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2010/10/27

My Life Just Became Easier

I get mail off of three classes of mail server. The first is an old-school, all-in-one server where I can log on, read mail with a built-in mail client like PINE. I can set a .forward file to send all my mail anywhere, or run it through a filter like procmail. With procmail, you can do almost anything. You can configure it so that when you send an email with the subject "reboot webserver", procmail will run a script that shuts down and restarts your webserver. It is an awesomely powerful and useful thing.
Then there's Gmail. I have nothing bad to say about Gmail. You cannot use it to run abstract programs — I've been playing with the idea of using Google Calendar to set up a remotely-configurable cron/at/batch equivalent, but it isn't there yet — but you have great stability, great interface and filtering. At this point. I'm going to state my position: If you can't filter mail, mail is useless. You'll get squashed by the deluge.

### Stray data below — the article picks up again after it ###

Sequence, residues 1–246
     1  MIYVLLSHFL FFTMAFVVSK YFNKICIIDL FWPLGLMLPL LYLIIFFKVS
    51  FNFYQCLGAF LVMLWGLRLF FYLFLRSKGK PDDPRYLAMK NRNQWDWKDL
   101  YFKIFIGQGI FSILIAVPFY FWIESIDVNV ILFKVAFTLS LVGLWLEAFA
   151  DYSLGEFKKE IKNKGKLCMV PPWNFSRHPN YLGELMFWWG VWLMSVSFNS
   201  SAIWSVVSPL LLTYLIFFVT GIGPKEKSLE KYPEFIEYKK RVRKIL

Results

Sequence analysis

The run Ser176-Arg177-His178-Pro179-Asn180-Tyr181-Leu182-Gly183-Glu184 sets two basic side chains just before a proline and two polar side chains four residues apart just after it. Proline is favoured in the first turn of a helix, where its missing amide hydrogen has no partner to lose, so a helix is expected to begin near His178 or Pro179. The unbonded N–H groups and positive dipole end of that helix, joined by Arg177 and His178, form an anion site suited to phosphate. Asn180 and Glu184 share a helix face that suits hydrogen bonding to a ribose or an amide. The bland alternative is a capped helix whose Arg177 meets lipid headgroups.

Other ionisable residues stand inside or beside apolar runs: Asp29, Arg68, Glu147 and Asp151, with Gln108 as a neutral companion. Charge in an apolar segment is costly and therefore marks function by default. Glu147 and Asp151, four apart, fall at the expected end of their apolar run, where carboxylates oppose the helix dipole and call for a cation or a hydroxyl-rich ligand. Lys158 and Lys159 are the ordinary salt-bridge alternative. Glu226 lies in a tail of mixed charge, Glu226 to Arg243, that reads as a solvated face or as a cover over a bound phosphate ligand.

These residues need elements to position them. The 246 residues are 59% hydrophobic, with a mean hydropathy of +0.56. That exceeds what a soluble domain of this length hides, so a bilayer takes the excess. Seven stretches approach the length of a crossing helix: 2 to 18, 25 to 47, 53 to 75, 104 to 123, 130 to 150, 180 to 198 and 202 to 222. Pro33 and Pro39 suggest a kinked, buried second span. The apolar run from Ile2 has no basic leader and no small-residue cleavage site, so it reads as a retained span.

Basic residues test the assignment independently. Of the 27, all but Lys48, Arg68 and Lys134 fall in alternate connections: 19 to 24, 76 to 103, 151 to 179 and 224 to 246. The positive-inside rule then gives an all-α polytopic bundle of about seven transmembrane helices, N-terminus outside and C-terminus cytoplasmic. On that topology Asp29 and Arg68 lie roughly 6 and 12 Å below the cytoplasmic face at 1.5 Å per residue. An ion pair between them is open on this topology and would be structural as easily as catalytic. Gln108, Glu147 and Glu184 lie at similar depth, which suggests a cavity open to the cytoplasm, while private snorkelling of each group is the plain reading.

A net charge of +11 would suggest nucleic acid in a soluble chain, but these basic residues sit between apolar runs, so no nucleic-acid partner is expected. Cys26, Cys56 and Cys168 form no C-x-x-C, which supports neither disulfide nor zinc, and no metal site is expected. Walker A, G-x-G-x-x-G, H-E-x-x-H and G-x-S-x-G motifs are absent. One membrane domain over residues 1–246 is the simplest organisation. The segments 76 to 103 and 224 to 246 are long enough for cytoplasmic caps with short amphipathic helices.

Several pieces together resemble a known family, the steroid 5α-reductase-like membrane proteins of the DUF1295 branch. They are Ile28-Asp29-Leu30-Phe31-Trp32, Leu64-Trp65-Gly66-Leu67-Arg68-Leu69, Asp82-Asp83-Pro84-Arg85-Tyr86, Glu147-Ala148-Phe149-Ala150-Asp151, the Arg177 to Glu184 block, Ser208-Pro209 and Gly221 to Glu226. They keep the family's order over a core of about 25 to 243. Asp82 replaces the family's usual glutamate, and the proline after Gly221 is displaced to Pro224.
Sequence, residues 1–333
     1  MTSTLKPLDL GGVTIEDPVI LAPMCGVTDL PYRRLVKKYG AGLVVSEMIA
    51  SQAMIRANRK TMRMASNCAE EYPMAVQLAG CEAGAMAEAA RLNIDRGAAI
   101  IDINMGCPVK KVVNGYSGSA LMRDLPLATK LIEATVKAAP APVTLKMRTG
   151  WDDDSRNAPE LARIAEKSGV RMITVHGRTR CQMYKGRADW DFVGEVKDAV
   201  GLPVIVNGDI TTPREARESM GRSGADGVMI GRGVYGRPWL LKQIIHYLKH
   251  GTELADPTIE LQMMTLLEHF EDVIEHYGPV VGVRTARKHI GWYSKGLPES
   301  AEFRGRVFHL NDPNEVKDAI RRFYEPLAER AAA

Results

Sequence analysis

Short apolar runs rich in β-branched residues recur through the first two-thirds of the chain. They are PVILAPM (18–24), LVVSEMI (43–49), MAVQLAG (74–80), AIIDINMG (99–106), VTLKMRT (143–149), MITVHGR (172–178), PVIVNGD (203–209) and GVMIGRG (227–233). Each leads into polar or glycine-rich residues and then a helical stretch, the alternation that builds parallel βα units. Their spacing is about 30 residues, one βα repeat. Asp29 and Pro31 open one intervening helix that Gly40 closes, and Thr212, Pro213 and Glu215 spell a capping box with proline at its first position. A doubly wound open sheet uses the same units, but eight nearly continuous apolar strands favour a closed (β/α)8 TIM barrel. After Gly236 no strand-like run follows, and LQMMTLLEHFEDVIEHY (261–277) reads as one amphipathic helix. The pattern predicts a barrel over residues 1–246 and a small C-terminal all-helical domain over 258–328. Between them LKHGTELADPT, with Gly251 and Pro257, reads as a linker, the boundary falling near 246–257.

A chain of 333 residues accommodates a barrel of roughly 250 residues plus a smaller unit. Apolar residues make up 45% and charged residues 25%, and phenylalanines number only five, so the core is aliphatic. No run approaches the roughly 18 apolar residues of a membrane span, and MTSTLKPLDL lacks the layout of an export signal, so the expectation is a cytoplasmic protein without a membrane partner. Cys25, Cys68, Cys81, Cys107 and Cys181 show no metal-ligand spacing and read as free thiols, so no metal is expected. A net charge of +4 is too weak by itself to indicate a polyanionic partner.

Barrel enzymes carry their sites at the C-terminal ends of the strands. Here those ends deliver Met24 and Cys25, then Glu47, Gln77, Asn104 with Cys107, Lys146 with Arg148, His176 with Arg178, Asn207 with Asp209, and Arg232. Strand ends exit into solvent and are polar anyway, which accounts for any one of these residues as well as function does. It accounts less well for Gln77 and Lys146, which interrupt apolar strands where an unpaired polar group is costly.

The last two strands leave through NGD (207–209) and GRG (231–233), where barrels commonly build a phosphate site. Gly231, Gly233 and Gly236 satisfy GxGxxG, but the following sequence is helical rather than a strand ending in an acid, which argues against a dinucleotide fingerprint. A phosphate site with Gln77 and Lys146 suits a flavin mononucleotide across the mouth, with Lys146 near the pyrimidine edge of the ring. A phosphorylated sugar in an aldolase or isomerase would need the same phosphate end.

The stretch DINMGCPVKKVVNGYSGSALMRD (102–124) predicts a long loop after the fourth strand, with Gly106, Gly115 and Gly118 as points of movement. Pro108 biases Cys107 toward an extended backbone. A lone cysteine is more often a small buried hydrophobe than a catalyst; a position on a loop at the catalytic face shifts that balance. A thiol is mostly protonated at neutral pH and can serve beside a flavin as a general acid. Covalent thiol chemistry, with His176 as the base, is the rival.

Which brings us to non-Gmail webmail. Specifically, my employer's webmail. You have to pay to get IMAP access to Yahoo Mail, which is a dealbreaker for me. My employer's webmail had fine POP and IMAP access, but what you couldn't do is filter on the server. You could configure clients to filter, but that means you have to copy all your filters to each client, whether it's the web interface, Thunderbird on this machine, Thunderbird on that machine, and so on.

My solution was to write my own filters to run on my workstation via crontab. It worked, and it allowed me to develop a means to specifically alert on things I find crucial rather than Thunderbird's "Alert if new mail" approach. But we've moved to a Zimbra-based solution which seems to have everything I'd want.